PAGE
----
- Increase flexibility: Stretching all major muscle groups before and after a workout is a great idea. Hold all stretches for 30 seconds. Don’t stretch to the point of pain. Beginning a Yoga program would be a great idea, but start easy and take it slow.
- Increase soft tissue mobility: This is a fancy way of saying, “get rid of the scar tissue and adhesions in and between your muscles”. Remember the fascia that we’ve talked a little bit about? Sometimes stretching isn’t enough. A good physical therapist or masseuse can help you here!
- Correct strength imbalances: don’t ignore muscle groups. For example, work your quads and your hamstrings, your triceps and your biceps, your low back and your abs, etc… Strength imbalance not only can predispose you to a muscle strain, but possible worse!
- Work concentric and eccentric contractions: A concentric contraction means that the muscle is shortening as it is contracting. An eccentric contraction is the opposite; the muscle lengthens as it contracts. The easiest example to visualize this is a biceps curl. As the weight comes up the biceps is contracting and shortening (concentric contraction). As the weight is relaxed to its resting position, the muscle is still contracting as it is lengthening (eccentric contraction). MOST MUSCLE STRAINS OCCUR DURING ECCENTRIC CONTRACTIONS! You can integrate eccentric training into every exercise. For example, when you squat, squat slowly down to your end position (controlling the eccentric contraction) and then push up. When you bench press, lower the bar slowly (controlling the eccentric contraction) and then push up.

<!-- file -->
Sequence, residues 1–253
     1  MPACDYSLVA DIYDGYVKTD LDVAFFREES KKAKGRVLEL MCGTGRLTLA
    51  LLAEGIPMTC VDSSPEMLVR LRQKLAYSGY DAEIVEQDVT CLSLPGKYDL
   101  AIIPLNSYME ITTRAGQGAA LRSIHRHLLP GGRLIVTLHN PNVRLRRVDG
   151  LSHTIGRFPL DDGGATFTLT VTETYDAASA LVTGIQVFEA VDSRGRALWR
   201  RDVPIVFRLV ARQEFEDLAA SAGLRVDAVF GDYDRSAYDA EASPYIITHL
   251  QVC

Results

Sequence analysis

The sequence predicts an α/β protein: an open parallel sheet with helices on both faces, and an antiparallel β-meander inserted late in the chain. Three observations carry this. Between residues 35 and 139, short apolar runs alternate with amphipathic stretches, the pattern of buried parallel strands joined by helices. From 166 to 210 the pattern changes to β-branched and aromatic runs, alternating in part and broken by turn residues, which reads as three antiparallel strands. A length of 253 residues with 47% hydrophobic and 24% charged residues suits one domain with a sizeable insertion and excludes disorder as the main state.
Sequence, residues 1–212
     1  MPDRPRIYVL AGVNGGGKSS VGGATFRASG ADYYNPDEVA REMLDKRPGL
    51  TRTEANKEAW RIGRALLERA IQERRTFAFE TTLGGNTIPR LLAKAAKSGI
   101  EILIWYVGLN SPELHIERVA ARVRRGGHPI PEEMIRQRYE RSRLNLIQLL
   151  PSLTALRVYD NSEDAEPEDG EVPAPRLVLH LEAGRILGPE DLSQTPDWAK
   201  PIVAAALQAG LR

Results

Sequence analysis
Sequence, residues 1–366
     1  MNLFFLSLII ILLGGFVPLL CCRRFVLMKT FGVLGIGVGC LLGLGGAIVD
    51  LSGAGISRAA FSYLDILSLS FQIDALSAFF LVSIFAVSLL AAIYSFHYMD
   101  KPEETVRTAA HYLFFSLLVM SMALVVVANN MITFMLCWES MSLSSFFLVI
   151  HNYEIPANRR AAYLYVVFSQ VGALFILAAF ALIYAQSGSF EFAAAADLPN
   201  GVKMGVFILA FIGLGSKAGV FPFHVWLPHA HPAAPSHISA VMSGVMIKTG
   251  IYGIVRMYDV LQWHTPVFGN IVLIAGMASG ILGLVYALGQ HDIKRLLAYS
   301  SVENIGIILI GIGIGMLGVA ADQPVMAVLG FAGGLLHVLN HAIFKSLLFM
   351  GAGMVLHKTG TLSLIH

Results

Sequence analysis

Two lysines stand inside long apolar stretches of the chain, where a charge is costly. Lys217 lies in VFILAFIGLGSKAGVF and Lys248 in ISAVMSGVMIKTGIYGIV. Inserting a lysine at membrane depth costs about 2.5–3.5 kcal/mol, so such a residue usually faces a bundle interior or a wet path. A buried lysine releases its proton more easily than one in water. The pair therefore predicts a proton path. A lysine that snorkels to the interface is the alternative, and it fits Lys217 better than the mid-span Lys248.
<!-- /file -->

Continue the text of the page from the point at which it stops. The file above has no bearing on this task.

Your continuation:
- See a good physical therapist, chiropractor or osteopath: they can make sure that you are moving efficiently, and eliminating extra, unnecessary demands on your muscles.